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Sarawak a Leading Example of Asean’s Growth Potential

October 7, 2011

 

INVESTOR GUIDELINE: Taib looks at a copy of The Report: Sarawak 2011 after the launch as Kucinas (left) looks on. This is OBG’s second report on the state, encompassing a sector-by-sector guide for investors, alongside interviews with political, economic and business leaders.

KUCHING: Sarawak is well on its way to developing its economy as foreign businesses and investors look to the state for investment opportunities.

According to Oxford Business Group’s (OBG) regional editor, Paulius Kucinas, Sarawak remained an attractive destination for capital investments as it rode on the structural rise for commodities worldwide.

This was said during the launch of The Report: Sarawak 2011, which provides in-depth detail on Sarawak’ current economic outlook and what the future holds for the state.

According to Kucinas in his opening remark, the new report described the pivotal juncture that Sarawak has reached as it prepared itself for faster economic growth by encouraging the private sector to get involved in major infrastructure developments.

“We are conscious of the fact that the global competition for capital and economic advantages is getting more intense every year as more countries and regions emerge onto the world stage, offering constant advantages, market access and new investment opportunities,” he noted.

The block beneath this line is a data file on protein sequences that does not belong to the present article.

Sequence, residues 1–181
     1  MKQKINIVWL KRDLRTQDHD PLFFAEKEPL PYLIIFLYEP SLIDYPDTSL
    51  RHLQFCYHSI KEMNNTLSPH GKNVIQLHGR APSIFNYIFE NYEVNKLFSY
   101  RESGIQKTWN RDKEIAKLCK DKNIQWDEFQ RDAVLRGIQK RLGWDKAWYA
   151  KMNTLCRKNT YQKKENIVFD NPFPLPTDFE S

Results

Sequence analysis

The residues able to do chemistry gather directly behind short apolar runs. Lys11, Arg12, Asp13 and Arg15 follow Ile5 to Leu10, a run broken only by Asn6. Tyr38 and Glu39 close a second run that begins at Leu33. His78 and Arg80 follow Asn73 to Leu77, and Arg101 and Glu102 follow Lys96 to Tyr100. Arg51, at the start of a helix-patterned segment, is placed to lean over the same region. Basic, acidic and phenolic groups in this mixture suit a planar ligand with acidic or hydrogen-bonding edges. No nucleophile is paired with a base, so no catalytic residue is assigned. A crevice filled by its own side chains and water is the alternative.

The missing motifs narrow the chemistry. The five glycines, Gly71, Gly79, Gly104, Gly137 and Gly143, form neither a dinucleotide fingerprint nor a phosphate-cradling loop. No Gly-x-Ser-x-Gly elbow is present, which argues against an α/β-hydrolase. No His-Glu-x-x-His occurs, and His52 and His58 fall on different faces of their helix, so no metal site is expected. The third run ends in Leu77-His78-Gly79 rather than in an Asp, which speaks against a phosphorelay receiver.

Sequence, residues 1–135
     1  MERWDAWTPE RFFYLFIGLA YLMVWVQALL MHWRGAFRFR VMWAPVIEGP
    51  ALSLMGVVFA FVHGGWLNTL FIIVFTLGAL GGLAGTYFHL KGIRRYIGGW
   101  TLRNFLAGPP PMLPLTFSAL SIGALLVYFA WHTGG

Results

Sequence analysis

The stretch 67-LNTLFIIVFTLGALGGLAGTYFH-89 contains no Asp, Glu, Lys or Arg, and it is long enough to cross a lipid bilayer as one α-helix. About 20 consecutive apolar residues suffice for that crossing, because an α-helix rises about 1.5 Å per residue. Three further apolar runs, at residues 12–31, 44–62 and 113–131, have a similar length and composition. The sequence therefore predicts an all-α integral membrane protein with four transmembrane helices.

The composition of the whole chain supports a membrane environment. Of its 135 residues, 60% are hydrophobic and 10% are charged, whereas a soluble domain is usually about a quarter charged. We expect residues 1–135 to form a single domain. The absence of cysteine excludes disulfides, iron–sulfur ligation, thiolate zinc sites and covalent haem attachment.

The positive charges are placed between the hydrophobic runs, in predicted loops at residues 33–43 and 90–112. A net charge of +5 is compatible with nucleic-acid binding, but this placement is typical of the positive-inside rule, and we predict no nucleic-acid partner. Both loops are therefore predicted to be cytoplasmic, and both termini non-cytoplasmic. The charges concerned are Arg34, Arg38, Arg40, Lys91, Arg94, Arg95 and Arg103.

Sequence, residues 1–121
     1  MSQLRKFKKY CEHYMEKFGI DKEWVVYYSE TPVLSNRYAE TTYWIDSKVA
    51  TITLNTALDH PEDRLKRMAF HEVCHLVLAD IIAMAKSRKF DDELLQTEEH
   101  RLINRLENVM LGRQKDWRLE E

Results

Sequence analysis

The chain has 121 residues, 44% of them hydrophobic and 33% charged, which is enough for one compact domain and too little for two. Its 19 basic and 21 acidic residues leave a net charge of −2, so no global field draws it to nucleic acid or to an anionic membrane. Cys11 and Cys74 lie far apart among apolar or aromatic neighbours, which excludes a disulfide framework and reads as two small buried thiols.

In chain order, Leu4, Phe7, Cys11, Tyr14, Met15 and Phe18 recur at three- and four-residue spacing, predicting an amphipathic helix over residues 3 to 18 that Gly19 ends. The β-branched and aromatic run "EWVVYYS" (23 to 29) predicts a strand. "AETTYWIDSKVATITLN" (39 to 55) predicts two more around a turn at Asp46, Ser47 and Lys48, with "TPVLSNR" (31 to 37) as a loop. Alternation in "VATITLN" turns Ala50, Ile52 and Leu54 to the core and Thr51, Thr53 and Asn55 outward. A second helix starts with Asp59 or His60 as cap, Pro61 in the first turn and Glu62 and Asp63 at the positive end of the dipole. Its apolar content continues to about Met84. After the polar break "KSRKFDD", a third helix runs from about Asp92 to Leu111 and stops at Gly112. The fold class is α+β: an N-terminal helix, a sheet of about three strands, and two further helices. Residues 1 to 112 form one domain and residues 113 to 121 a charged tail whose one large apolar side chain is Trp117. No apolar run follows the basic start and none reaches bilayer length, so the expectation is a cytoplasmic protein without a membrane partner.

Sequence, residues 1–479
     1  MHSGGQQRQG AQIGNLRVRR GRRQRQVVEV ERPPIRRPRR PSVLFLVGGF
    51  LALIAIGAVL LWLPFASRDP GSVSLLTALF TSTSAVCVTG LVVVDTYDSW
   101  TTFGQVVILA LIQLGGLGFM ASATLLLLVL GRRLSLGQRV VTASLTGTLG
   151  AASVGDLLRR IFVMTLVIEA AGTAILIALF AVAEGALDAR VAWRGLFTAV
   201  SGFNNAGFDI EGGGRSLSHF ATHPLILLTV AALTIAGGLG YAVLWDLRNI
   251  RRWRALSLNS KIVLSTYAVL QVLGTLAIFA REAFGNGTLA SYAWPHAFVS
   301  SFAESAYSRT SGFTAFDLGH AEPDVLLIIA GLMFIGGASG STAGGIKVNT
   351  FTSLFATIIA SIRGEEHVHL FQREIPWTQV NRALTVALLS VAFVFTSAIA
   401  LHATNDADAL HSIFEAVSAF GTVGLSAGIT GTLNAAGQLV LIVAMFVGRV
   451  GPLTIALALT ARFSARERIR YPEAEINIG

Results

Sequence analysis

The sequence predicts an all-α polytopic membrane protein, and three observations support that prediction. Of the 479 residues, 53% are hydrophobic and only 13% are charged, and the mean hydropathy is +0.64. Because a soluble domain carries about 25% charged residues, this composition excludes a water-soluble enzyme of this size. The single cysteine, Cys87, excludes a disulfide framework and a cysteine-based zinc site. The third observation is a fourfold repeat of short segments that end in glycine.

“At the same time, we firmly believe that the current global economic cycle favours the Asean region which has emerged as a new safe haven for international investors and multinational companies. In this region, Sarawak stands out as a leading example of Asean’s growth potential,” Kucinas affirmed.

The regional editor underscored signs showing Sarawak’s economy expanding exponentially, from just RM527 million back in 1963 to RM50 billion by the end of 2010.

“Today, Sarawak’s economy accounts for nearly 20 per cent of Malaysia’s total GDP (gross domestic product),” said Kucinas. “The state is blessed with natural resources that underpin its economic growth fundamentals.

“The proceeds from hydrocarbons, crude palm oil, agriculture and timber will continue to ensure strength in both public and private sector balance sheets,” he added.

“While credit expansion will naturally increase its debt to GDP ratio once large development projects get underway we think Sarawak has plenty of room for manoeuvre. Its domestic banking sector faces none of the constraints which we nowadays see in the Europe and United States.”

The challenge going forward, Kucinas highlighted, would be to improve the productivity on existing sectors and capture higher value-add by going further downstream in resource-based industries while also diversifying the economy into new areas of economic activities.

The report was launched yesterday by the Chief Minister of Sarawak, Pehin Sri Abdul Taib Mahmud. It is the group’s second report on the state, encompassing a sector-by-sector guide for investors, alongside interviews with political, economic and business leaders. It also provides case studies of successful business models while candidly discussing the challenged being faced in today’s marketplace.